- Charter Veterinary Hospital, Roundswell, Barnstaple
- Bridge House Surgery, Pilton, Barnstaple
- St. John's Surgery, Newport, Barnstaple
- Mullacott Veterinary Hospital, Ilfracombe
- South Street Surgery, Braunton
Worming Your Pet
Worming your pet every month or 3 months is essential to maintain your pet’s health and eliminate public health dangers.
What are we worming against?
We are worming against three main types of worms:
These can be transferred to your pet in three ways:
- In the womb
- Via the mother’s milk
- Contact with eggs in the environment
Signs of a roundworm infestation include weight loss, anaemia and vomiting. In extreme cases death, due to heart failure, may occur.
These are transferred to your pet when an infected flea or louse is swallowed; therefore regular flea control is also necessary. The tapeworm can also infect your pet if a contaminated bird, rodent or sheep is eaten.
A tapeworm infestation can cause vomiting and diahorrea.
Tapeworm segments are usually visible around the anus or passed in faeces.
The lungworm Angiostrongylus vasorum (also known as French Heartworm) is a parasite that infects dogs. The adult of this particular lungworm lives in the heart and major blood vessels supplying the lungs, where it can cause a host of problems. Left untreated, the infection can often be fatal.
The lungworm parasite is carried by slugs and snails. The problem arises when dogs purposefully or accidently eat these common garden pests when rummaging through undergrowth, eating grass, drinking from puddles or outdoor water bowls, or pick them up on their toys.
Foxes can also become infected with lungworm and have been implicated in the spread of the parasite across the country. Advocate is licenced to treat this.
Cats become infected with Aelurostrongylus abstrusus by ingesting intermediaworm4te hosts such as snails or paratenic (paratenic describes an intermediate host which is not needed for the development of the parasite, but nonetheless serves to maintain the life cycle of the parasite) hosts (birds, rodents etc).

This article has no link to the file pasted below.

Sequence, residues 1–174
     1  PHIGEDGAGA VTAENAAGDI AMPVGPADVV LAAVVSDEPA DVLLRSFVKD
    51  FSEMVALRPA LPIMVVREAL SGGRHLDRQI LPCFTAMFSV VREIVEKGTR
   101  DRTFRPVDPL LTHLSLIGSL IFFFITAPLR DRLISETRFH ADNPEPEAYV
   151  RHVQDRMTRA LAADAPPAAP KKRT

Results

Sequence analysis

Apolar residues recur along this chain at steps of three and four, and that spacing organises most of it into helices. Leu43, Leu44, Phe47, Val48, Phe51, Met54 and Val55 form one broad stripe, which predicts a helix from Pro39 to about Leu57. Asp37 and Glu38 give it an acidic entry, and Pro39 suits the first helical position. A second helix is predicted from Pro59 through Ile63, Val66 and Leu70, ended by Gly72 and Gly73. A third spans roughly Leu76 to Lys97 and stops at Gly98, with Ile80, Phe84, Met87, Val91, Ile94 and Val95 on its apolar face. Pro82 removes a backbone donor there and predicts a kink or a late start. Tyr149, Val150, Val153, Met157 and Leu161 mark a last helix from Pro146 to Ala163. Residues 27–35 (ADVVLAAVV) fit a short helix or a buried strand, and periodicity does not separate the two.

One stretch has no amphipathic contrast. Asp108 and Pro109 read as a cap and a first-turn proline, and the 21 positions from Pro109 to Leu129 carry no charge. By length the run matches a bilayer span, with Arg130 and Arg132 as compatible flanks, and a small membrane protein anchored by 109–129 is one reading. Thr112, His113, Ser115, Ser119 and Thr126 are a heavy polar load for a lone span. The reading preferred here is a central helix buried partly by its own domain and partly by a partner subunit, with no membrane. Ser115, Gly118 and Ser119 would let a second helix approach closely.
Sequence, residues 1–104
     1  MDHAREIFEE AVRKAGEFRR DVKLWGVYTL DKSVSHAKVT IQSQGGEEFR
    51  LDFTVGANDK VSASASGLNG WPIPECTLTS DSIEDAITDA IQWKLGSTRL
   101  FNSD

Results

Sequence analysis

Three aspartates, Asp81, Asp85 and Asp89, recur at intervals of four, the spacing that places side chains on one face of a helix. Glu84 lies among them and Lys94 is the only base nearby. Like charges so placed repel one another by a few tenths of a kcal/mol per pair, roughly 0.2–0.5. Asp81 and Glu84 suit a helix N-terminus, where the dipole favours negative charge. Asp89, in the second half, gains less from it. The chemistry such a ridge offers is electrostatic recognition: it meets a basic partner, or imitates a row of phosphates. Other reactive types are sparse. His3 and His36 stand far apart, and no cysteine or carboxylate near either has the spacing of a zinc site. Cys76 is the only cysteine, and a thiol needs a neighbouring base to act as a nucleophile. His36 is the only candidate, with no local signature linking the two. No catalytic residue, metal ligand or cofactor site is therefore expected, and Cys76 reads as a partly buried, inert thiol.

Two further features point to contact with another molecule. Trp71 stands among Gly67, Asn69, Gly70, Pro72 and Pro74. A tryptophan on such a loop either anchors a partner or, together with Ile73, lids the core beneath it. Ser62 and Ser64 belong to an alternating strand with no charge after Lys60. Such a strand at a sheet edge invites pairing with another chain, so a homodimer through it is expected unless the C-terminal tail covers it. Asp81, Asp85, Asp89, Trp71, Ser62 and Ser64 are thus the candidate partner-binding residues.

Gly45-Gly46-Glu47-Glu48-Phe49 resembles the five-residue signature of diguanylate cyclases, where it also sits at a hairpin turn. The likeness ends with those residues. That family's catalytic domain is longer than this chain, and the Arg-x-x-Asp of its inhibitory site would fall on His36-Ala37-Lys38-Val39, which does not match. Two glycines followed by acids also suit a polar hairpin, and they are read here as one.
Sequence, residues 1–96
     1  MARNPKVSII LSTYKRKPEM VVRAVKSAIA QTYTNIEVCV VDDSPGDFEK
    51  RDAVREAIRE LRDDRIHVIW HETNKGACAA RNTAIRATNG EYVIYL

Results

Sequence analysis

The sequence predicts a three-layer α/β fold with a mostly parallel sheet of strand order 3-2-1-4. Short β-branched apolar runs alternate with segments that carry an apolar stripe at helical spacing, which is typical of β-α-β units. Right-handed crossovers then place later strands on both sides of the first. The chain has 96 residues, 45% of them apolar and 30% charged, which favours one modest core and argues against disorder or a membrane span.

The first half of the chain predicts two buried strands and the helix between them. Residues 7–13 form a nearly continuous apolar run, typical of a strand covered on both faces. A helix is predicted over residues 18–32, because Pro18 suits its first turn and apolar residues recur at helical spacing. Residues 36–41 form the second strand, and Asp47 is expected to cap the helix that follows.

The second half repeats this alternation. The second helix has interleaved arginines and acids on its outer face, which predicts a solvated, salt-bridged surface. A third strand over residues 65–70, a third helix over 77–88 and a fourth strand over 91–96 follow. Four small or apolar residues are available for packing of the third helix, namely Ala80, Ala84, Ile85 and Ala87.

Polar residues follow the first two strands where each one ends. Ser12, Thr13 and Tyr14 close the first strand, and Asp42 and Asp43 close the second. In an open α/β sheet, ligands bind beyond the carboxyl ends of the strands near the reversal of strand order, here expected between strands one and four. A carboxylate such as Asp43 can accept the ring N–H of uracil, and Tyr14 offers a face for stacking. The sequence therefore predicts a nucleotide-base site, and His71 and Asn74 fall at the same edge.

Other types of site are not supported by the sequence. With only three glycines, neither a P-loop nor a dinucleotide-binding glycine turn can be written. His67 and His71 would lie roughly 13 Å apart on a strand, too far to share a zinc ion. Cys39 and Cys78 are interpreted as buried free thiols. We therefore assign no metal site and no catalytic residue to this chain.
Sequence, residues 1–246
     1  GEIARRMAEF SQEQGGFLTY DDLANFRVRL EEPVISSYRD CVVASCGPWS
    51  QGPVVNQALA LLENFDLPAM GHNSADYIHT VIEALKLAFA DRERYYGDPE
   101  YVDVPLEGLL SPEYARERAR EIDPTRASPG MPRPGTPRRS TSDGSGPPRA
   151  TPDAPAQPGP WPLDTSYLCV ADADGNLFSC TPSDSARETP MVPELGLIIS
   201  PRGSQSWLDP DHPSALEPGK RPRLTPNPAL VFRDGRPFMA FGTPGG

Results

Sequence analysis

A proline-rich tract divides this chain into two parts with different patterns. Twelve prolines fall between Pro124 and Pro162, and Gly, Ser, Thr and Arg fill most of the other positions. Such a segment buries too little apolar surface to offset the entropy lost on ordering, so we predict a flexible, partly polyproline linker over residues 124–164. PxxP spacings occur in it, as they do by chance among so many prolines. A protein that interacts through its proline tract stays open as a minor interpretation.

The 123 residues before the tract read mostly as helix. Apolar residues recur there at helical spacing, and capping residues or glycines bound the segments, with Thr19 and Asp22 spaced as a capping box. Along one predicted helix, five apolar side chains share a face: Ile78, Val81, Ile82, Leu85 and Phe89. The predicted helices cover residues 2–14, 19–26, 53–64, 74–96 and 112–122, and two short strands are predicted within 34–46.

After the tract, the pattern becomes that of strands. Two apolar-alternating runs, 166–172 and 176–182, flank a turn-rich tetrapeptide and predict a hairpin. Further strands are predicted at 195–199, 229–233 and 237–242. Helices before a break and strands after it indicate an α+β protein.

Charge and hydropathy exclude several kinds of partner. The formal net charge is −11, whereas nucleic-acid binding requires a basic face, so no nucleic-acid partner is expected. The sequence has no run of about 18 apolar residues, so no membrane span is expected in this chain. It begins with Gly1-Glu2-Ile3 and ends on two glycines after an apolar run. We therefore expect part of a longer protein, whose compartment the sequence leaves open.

After ingestion, the larvae pass into the intestine. The larvae penetrate intestine wall and migrate to the lungs in the blood, once they have matured to adult worms (approx 40 days) they lay eggs, these hatch into microscopic larvae which are coughed up, swallowed & passed in the feces. Advocate would be our recommended treatment this (off licence).
Worming Treatments For Your Pet
Puppies and kittens
On collection of your puppy or kitten check with the breeder if they have administered any worming or flea preparations prior to you taking the puppy or kitten home. This enables us to be sure when your next worming dose is due.
We recommend using a monthly spot-on product (imidacloprid and moxidectin*), which can be applied from 7 weeks of age in puppies and 9 weeks of age in kittens. You will receive a free dose at your puppy's first vaccination. This will treat your pet for one month against:
- Lungworms (dogs)
- Ear mites
- Fox mange mites (dogs)
Monthly spot-on worming (imidacloprid and moxidectin*) should continue monthly until your pet is six months old.
Dogs and cats from 6 months
For pets using a monthly spot-on (imidacloprid and moxidectin*), we recommend a tapeworm product at 6 months of age. This should be repeated every 6 months.
For pets on other flea control products we recommend a tapeworm every 3 months.
Recommended Tapeworm products:
- Drontal Plus Dog
- Drontal Cat tablet
- Spot-on (emodepside and praziquantel*****) for cats
Please speak to one of our healthcare team for personal parasite diary.
Pregnant bitches and queens
There is specialist advice for worming your pregnant bitch or queen, please ask one of our healthcare team members for further advice.
Veterinary licenced products are the most effective, but must be used at the correct time intervals and correct dose for your pets body weight.
This information has been provided by Bayer the makers of: Advocate*, Seresto Collar**, Advantage***, Advantix**** and Profender****
If you have any further questions on parasite control for your pet, please telephone us and speak to one of our veterinary surgeons or veterinary nurses, who will be happy to advise you.
For further healthcare advice click here.